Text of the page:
In the days after the May 20 primary elections, candidates who advanced to the runoffs made the usual scramble to secure endorsements from opponents who didn’t make it out of the primary.
The most widely publicized of these post-primary developments was Karen Handel’s decision to endorse Rep. Jack Kingston in his Senate Republican runoff campaign against businessman David Perdue.
Handel appeared at an Atlanta news conference and made a short speech declaring Kingston was really a great guy, probably the greatest thing since sliced bread.
“What I’ve seen in Jack is a man of integrity who is devoted to his family,” Handel said. “A man who is fiercely dedicated to the conservative principles that are the foundation of the Republican Party. A man who has represented the people of the 1st Congressional District honorably and effectively for more than 20 years.”
Kingston’s campaign is hoping that Handel, who had significant support among tea party activists, will be able to deliver those votes to him in the runoff fight with Perdue.
Will her endorsement actually bring supporters back to the polls on July 22 to vote for Kingston?
It could be that Handel’s words won’t be all that helpful.
If you look at voter turnout figures in recent election cycles, it’s clear that a large percentage of primary voters don’t bother to return for the runoff. The number of ballots cast in a primary election usually declines by 40 percent or more in the runoff — sometimes by more than 60 percent.
In 2006, voter turnout for the Republican primary declined by 59.1 percent in the runoff. The decline was 52.8 percent in the Democratic primary and runoff.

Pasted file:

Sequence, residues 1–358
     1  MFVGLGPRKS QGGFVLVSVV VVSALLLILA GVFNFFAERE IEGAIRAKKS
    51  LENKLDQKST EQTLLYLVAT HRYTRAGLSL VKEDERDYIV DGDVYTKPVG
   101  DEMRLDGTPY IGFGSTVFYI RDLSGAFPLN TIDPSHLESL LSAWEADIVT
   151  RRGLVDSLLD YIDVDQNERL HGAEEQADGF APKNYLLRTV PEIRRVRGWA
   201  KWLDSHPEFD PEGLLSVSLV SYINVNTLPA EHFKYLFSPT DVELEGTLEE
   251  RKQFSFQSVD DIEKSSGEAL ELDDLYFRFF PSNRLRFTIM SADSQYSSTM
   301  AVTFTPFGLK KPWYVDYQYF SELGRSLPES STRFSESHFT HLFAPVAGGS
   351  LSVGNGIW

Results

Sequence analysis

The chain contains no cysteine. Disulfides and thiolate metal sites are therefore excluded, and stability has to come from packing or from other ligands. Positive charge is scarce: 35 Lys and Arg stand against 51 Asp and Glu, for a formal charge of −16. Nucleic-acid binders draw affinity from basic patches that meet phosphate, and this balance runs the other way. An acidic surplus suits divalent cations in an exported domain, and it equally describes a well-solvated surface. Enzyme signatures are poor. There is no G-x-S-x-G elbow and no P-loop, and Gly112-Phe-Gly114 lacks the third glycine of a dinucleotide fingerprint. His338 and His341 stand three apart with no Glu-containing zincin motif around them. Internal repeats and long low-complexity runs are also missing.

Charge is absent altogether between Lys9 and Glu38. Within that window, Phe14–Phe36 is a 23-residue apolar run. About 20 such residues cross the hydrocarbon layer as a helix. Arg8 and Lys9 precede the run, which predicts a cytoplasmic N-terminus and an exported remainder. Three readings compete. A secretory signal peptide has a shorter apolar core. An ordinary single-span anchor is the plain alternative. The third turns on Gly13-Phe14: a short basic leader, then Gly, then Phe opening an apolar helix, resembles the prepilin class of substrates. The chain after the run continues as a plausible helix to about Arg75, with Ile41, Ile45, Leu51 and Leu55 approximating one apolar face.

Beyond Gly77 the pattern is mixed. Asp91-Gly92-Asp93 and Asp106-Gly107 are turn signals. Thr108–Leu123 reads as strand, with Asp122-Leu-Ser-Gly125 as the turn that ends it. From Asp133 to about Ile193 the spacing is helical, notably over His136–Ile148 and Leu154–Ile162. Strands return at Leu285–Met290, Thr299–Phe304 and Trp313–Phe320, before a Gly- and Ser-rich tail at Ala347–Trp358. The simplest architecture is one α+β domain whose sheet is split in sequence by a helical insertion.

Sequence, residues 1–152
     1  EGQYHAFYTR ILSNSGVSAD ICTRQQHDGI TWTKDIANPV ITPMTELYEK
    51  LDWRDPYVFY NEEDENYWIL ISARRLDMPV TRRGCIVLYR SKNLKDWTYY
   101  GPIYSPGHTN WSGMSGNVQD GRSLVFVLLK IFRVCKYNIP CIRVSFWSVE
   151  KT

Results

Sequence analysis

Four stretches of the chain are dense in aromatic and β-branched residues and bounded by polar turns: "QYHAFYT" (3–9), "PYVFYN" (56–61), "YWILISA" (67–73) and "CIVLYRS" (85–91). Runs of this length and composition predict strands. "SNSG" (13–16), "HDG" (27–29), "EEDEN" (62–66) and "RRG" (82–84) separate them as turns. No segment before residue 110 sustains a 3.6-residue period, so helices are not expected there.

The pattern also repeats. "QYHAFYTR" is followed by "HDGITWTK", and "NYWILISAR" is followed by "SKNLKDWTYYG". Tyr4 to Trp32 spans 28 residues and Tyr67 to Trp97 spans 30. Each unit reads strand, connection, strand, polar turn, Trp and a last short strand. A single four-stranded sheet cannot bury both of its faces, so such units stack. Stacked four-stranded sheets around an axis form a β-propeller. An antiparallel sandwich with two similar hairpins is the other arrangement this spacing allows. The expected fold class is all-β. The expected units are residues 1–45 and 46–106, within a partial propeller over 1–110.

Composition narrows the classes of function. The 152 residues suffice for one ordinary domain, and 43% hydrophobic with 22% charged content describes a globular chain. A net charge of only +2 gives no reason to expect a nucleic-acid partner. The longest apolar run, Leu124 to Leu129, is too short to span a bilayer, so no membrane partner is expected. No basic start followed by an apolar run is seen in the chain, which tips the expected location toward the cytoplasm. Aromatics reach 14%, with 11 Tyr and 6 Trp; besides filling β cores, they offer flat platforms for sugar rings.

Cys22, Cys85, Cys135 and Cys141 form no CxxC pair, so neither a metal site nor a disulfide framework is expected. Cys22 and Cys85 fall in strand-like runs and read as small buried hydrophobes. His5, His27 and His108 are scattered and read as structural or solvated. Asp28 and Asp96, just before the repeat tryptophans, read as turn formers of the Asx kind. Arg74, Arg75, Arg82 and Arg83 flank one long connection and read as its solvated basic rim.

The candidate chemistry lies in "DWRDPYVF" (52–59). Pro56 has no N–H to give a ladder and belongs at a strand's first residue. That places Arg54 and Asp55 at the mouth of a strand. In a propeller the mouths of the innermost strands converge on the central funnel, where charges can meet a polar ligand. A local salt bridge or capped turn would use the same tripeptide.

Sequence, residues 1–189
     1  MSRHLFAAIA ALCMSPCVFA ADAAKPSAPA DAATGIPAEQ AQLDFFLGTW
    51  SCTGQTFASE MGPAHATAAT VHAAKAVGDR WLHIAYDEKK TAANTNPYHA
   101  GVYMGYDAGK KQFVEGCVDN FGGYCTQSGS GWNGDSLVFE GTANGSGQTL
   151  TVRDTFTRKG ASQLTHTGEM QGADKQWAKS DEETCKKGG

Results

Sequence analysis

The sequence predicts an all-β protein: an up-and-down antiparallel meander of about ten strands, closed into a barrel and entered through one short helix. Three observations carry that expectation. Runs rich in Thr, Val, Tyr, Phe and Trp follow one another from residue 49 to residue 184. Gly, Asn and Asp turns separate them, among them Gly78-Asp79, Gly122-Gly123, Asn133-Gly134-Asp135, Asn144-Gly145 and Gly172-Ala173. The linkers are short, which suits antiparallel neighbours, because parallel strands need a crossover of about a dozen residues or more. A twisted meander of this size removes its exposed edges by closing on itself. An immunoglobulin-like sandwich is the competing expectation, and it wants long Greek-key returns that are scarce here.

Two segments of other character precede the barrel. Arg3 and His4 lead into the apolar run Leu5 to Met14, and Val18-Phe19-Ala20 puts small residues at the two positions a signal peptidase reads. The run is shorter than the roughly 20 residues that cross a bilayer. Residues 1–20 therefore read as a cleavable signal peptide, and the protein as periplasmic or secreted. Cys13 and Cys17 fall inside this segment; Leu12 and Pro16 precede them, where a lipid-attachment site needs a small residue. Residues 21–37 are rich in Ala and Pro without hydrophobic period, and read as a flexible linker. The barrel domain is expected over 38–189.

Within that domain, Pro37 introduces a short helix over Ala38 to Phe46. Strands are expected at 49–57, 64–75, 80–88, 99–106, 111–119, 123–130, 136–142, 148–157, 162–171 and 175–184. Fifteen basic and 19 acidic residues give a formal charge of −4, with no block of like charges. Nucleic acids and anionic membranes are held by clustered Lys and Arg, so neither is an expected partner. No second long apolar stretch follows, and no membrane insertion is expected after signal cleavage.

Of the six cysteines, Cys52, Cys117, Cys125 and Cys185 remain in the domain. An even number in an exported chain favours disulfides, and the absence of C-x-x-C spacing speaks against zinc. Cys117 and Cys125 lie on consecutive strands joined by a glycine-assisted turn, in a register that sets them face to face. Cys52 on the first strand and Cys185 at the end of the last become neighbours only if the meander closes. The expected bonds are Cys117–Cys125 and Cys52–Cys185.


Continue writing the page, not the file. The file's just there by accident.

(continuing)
In 2002, Republican primary turnout declined by 65.1 percent in the runoff. The decline in Democratic voter turnout after the primary election was 64 percent.
In 1998, Republican primary turnout declined by 44.3 percent in the runoff election.
The decline in Democratic voter turnout was 44.6 percent.
It’s a matter of human nature. Voters whose candidate was eliminated in the primary have much less incentive to turn out for a runoff election than those who voted for a successful candidate. They simply stay home on the day of the runoff.
Setting aside the question of how many supporters will bother to vote in the runoff, there is the issue of how credible an endorsement can be when the candidate was so harshly critical of the person she is endorsing.
From the moment Handel announced she was running until the primary ballots were counted 11 months later, she said over and over again that Kingston, Rep. Phil Gingrey and Rep. Paul Broun were unfit to be senator because they had failed to accomplish anything as House members.
“When Jack Kingston was elected to Congress, the debt was $4 trillion,” Handel said at one point. “Today, our debt is $17 trillion — and climbing. In fact, in 2003, Jack Kingston and Phil Gingrey both voted to raise the debt ceiling by nearly $1 trillion dollars. In 2004, they both voted again to raise the debt ceiling by nearly another trillion dollars.”
Here’s a similar Handel quote from a debate:
“We have three members of Congress who are running and together they have 42 years in Washington. That’s a lot of Washington, too much. Everything that they talk about tonight, they have had every opportunity to do. And they haven’t — look at the results.”
She said this in a campaign speech:
“Even though they are nice people, results matter. Do you like where we are in this country, are you happy with the way Washington is functioning? Well, the surest way to get more of the same is to keep electing the same people.”
These weren’t random comments that Handel made in the heat of the moment and later regretted — they were deliberate criticisms of Kingston she repeated on numerous occasions throughout the campaign.
If Kingston is really as bad as Handel contended for so long, then it’s difficult to take her seriously when she now says he’s really a man of integrity who deserves everyone’s vote.
Do you believe what she said a month ago, or do you believe what she is saying now? That’s the eternal question of politics.
Tom Crawford is editor of The Georgia Report.